A periodical, published from here in Singapore, regularly interviews celebrities and upwardly mobile couples. One of the standard questions that is asked to these people, is to ask them to list their best and worst investment decisions, which they have made in their life. Since I do not fall in either of these two categories; celebrity or upwardly mobile; there is virtually no chance of me getting interviewed for this column ever and therefore no one is going to ask me about my best and worst investment decisions as well.
I therefore thought of asking this question to myself and realize that it is fairly simple to answer this, but somehow while trying to answer, what I recollect most are the missed opportunities or in other words; the investments I never made but should have. But let me first answer about my best and worst investments. All my worst investments were done in the early days of my trading endeavour on the stock market. And I am proud to say that every single investment I made in shares was a mini disaster by itself with losses ranging between 50 to 75% of the investment. But I suppose that it is part of the learning curve and slowly I learned not only how to loose money but actually earn it. Coming to my best investments, there are three investments that stand out as my best investments. Sometimes in 1970's, I bought a small plot of land for about 16 Indian Rupees per square foot. About 25 years later, I could resale this land for a price exceeding 100 Indian Rupees per square foot, a handsome return. Similarly, some shares of and Indian company that makes cigarettes, consumer products and is in hotels also, is another of my best investments.
However, I am not writing this post to talk about my investments really, but rather the missed opportunities. In early 1970's, I used to work in Indian mega city of Mumbai and used to stay in a decent locality in a good neighbourhood in an rented apartment. Subsequently, I decided to relocate in the city of Pune. I went to see the owner of my apartment and informed him about my decision. He then told me that anyway he owns two apartments, which he does not need and can sell the apartment, where I was living, to me, because I am an honest man with straight forward dealings, for a price of 30000 Indian Rupees. I came home and discussed things with my wife. We felt that, it was far beyond our reach, to raise that kind of money and we should just return the apartment to the owner. Would you believe that the market price of that apartment today, is more than 10 Million Rupees and every time when I pass by that area, since then, I have always felt extremely sad for having lost such a golden opportunity, that had come my way so early in my life.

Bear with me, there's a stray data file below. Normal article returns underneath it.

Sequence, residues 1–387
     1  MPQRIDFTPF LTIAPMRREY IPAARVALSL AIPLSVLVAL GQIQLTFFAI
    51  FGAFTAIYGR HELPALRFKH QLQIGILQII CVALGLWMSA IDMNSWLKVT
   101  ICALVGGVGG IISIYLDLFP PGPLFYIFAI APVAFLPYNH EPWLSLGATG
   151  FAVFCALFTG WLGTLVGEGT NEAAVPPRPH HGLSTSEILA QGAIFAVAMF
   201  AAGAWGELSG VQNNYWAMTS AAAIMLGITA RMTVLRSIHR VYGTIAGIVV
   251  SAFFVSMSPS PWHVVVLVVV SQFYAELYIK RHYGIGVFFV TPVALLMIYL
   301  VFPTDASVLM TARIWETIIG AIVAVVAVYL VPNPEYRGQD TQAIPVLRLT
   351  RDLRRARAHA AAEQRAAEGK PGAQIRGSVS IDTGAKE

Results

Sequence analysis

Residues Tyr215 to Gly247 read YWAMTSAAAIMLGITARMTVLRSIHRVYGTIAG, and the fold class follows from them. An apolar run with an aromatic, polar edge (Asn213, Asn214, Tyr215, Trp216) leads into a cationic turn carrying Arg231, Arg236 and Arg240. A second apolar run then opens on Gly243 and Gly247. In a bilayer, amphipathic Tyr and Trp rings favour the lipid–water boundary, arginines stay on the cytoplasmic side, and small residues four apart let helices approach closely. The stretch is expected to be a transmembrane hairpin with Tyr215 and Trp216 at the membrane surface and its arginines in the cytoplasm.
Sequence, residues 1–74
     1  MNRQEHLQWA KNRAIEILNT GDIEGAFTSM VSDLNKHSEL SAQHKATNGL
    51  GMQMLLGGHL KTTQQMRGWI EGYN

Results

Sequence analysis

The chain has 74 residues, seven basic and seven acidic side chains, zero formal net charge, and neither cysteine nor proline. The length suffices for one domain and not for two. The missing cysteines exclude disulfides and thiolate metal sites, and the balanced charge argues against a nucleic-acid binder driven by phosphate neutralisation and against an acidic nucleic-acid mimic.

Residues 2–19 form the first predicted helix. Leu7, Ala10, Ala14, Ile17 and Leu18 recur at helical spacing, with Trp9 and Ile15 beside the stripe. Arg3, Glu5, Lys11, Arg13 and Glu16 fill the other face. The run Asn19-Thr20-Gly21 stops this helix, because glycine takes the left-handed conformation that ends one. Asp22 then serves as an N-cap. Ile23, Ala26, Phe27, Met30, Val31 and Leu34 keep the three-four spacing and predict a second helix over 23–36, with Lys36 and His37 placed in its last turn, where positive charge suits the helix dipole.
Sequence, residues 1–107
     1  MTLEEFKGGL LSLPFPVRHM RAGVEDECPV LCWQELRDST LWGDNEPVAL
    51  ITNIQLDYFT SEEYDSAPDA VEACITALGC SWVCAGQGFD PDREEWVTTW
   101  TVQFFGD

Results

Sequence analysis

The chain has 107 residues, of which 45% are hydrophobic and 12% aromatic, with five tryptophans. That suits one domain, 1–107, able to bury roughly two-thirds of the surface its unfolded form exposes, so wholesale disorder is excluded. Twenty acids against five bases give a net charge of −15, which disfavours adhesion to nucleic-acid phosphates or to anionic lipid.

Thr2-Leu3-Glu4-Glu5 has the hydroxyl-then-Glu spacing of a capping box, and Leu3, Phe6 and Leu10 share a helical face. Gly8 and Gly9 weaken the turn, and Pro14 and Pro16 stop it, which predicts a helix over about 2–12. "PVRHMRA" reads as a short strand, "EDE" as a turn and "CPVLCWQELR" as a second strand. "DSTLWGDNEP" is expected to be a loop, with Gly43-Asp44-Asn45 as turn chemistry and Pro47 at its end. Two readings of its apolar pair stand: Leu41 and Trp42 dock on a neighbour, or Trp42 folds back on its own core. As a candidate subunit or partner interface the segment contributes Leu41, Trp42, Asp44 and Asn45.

1970's also saw arrival of my younger daughter in our family. We naturally celebrated the new arrival. On that occasion, my wife and I received cash gifts or “Ang Pau,” as Singaporeans would describe it. The total amount of money we received was more than a 1000 Indian Rupees; a princely sum in those days. We decided to invest this amount in a long term bank deposit of 22 years, so that we would get a large sum that can be useful for meeting expenditure required for her education or marriage. After 22 years, we got the money back but the amount was no longer a large sum with an yearly inflation of those 22 years, eating away the value of the Rupee. This was another one of my missed opportunities. If I had invested those 1000 Rupees in shares for example, I would have earned a much better return no doubt.
The point I am trying to make is that we all make investment decisions in our life, some turn out to be correct and some disastrous. Instead of repenting about that, we should see that no opportunity is ever lost. We should always grab the opportunity. Our decision may turn out to be right or wrong. It does not matter. We can always cut the losses later if our decision proves wrong. But, we should not miss the opportunity for any reason.
29 June 2013